Pagdurog na mayong penetrasyon

Gikan sa Bikol Sentral na Wikipedia, an talingkas na ensiklopedya
Pinta ni Franz von Bayros nagpapahiling nin hiro na fingering

An pagdurog na mayong penetrasyon o outercourse iyo an sekswal na aktibidad na sa parate dai kaiba an sekswal na pagpenetrasyon. Sa pangkagabsan dai iniiba kaini an pagpenetrasyon na mga aspekto nin vaginal, anal, o oral na sekswal na aktibidad, alagad kaiba an manlaenlaen na klase nin sekswal asin bakong sekswal na aktibidad, arog baga kan pagkuskusan nin duwang putoy, paghadok, o mutwal na masturbasyon.[1][2] An ibang porma nin sex na mayong pagpenetrasyon, partikular na kun inaapod na outercourse, kaiba an mga penetratibong aspekto, arog baga kan penetrasyon na pwedeng resulta kan mga porma nin pagmuro' o oral sex.[3][4][5]

An mga tawo naggigibo nin bakong makapenetar na pagdurog huli sa laen-laen na dahelan, kaiba na an sarong klase nin foreplay o bilang pangenot o mas gustong sekswal na gibo. An mga mag-agom na Heterosekswal pwedeng makipagdurog bilang alternatibo sa penile-vaginal penetration, sa pagpreserbar sa pagkabirhen, o bilang klase nin pagkontrol sa pangangaki.[6][7] An mga mag-agom na Same-sex pwede man na makipagdurog sa bakong-penetrative sex para mapreserbar an pagkabirhen, na may mga homosekswal na lalaki na ginagamit ini bilang alternatibo sa penetration sa lubot.[6][8][9][6][8]

Minsan ngani an mga impeksyon na ikinaoolakit sa paagi kan pagdodorog (STIs) arog kan herpes, HPV, asin pubic lice puedeng ipaabot paagi sa daing-penetrative genital-genital o genital-body na sekswal na aktibidad, an bakong penetrative na pakikipagdurog pwedeng gamiton bilang klase nin mas ligtas na pagdurog huli ta mas dikit an posibilidad na magin marikas an epekto kan pluwido nin hawak (an pangenot na gikanan nin STI transmission) pagriribayan durante kan mga aktibidad, nangorogna mapadapit sa mga aspekto na bakong penetratibo.[10][11]

Toltolan[baguhon | baguhon an source]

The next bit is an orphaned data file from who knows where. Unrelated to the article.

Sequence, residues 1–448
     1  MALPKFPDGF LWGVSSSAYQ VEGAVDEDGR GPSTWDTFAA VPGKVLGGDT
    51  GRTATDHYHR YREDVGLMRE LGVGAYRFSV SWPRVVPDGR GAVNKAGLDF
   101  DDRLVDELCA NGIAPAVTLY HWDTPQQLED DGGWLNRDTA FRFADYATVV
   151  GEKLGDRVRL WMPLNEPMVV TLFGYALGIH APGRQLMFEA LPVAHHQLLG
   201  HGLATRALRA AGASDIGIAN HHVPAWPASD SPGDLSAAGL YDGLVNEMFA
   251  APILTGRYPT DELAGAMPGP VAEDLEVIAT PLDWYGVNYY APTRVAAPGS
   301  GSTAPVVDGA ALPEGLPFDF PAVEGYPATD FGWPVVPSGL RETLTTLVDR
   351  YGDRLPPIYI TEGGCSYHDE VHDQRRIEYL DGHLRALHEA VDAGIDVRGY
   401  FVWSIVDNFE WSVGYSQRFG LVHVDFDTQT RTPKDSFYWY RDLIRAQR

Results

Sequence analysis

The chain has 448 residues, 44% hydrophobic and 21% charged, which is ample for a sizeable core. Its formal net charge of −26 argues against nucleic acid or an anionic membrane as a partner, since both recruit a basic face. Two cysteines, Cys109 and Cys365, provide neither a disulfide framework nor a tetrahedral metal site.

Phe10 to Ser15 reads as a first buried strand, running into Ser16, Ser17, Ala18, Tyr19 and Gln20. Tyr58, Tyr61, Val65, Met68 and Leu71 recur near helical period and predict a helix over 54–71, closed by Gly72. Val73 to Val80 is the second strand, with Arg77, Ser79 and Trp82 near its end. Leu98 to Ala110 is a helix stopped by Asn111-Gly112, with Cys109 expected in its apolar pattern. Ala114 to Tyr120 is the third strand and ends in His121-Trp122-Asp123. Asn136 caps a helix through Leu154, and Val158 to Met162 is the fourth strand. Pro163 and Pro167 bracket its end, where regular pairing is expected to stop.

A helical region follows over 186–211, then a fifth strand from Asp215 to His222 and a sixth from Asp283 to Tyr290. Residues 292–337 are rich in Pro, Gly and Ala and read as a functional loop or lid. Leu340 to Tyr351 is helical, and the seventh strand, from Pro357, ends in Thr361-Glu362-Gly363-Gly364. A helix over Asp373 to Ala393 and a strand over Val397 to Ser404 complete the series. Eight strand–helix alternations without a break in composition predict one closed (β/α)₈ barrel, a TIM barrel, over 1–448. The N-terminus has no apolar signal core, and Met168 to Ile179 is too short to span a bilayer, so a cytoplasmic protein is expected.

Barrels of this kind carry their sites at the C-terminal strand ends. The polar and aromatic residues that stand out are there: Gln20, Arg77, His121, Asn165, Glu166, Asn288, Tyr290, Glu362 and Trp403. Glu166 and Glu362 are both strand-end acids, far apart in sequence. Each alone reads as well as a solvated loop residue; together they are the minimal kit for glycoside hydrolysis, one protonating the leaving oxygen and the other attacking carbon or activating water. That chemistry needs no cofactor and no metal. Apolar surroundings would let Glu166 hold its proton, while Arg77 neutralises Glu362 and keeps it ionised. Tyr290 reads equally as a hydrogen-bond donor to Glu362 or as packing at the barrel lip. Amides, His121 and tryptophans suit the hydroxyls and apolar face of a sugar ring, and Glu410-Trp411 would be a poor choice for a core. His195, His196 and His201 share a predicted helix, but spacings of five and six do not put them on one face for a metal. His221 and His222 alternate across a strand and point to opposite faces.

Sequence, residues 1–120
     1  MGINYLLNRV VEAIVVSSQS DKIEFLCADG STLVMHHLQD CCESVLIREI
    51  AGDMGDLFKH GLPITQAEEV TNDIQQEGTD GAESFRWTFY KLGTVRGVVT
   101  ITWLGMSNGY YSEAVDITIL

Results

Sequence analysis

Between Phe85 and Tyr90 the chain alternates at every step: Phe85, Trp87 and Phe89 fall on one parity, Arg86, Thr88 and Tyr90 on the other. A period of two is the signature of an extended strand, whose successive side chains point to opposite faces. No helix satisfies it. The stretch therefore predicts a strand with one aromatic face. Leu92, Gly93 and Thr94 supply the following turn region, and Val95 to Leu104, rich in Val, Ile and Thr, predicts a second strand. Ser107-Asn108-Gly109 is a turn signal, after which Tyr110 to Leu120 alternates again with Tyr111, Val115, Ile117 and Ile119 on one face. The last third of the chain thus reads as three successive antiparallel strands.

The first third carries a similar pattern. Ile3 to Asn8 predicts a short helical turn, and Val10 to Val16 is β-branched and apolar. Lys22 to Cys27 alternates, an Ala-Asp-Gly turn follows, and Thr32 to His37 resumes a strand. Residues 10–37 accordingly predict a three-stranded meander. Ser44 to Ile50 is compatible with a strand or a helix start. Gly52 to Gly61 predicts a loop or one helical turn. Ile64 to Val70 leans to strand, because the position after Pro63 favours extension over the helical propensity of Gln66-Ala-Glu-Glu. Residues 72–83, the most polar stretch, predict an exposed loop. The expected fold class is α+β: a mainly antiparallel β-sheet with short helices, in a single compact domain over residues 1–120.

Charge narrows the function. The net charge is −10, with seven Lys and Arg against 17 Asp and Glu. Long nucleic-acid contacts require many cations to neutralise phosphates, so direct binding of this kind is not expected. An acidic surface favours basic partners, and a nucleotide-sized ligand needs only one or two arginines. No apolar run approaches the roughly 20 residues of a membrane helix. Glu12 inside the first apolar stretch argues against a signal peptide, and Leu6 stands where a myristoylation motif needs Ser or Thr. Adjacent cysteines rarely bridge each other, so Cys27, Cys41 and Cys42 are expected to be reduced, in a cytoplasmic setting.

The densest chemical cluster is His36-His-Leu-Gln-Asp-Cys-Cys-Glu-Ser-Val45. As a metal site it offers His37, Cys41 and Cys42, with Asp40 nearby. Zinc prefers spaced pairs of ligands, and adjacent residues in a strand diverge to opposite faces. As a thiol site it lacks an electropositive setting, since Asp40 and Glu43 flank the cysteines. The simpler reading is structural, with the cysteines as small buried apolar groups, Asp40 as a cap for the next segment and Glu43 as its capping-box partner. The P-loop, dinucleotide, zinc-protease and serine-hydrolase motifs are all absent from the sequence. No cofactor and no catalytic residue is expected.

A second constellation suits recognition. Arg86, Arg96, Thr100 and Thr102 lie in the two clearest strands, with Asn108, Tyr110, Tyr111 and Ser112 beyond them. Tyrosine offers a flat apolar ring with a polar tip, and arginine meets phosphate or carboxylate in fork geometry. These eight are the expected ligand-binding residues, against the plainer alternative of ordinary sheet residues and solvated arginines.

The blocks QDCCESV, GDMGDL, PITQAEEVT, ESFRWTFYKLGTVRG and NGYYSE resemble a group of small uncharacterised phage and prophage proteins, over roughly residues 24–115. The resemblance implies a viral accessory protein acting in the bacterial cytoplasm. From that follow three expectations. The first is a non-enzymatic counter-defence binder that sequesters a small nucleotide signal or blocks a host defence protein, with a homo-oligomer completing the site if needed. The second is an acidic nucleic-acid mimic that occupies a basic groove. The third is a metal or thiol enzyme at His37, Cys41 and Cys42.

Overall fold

1. Michael W. Ross, Lorna D. Channon-Little, B. R. Simon Rosser (2000). Sexual Health Concerns: Interviewing and History Taking for Health PractitionersFree registration required. University of Michigan. p. 45. ISBN 978-0803606685. 
  2. Judith LaRosa, Helaine Bader, Susan Garfield (2009). New Dimensions In Women's Health. Jones & Bartlett Learning. p. 91. ISBN 978-0763765927. Archived from the original on May 27, 2016. Retrieved August 31, 2013. 
  3. John H. Harvey, Ann L. Weber (2001). Odyssey of the Heart: Close Relationships in the 21st Century. Psychology Press. p. 70. ISBN 978-1410604057. Archived from the original on May 18, 2016. Retrieved August 30, 2013. 
  4. Ann O'Leary (2002). Beyond Condoms: Alternative Approaches to HIV Prevention. Springer. p. 155. ISBN 978-0306467318. Archived from the original on December 31, 2013. Retrieved August 21, 2013. 
  5. Robert Crooks; Karla Baur (2010). Our Sexuality. Cengage Learning. pp. 286–289. ISBN 978-0495812944. Archived from the original on March 10, 2021. Retrieved August 30, 2012. Noncoital forms of sexual intimacy, which have been called outercourse, can be a viable form of birth control. Outercourse includes all avenues of sexual intimacy other than penile–vaginal intercourse, including kissing, touching, mutual masturbation, and oral and anal sex. 
  6. 6.0 6.1 6.2 Error sa pag-cite: Imbalidong <ref> tatak; mayong teksto na ipinagtao para sa reperensiya na pinagngaranan na Carpenter
  7. Bryan Strong; Christine DeVault; Theodore F. Cohen (2010). The Marriage and Family Experience: Intimate Relationship in a Changing Society. Cengage Learning. p. 186. ISBN 978-0-534-62425-5. Archived from the original on July 24, 2020. Retrieved October 8, 2011. Most people agree that we maintain virginity as long as we refrain from sexual (vaginal) intercourse. But occasionally we hear people speak of 'technical virginity' [...] Data indicate that 'a very significant proportion of teens ha[ve] had experience with oral sex, even if they haven't had sexual intercourse, and may think of themselves as virgins' [...] Other research, especially research looking into virginity loss, reports that 35% of virgins, defined as people who have never engaged in vaginal intercourse, have nonetheless engaged in one or more other forms of heterosexual sexual activity (e.g., oral sex, anal sex, or mutual masturbation). 
  8. 8.0 8.1 Joseph Gross, Michael (2003). Like a Virgin. The Advocate/Here Publishing. pp. 44–45. 0001-8996. Archived from the original on May 3, 2021. Retrieved March 12, 2011. 
  9. Karen Bouris (1995). What Parents and Teenage Girls Should Know about "Losing Your Virginity". Conari Press. pp. 133–134. ISBN 978-0-943233-93-2. Archived from the original on 2021-06-02. Retrieved 2020-10-27. 
  10. Jerry D. Durham; Felissa R. Lashley (2000). The Person With HIV/AIDS: Nursing Perspectives, 3rd Edition. Springer Publishing Company. p. 103. ISBN 978-8122300048. Retrieved January 29, 2012. 
  11. Dianne Hales (2008). An Invitation to Health Brief 2010-2011. Cengage Learning. pp. 269–271. ISBN 978-0495391920. Archived from the original on December 31, 2013. Retrieved August 29, 2013.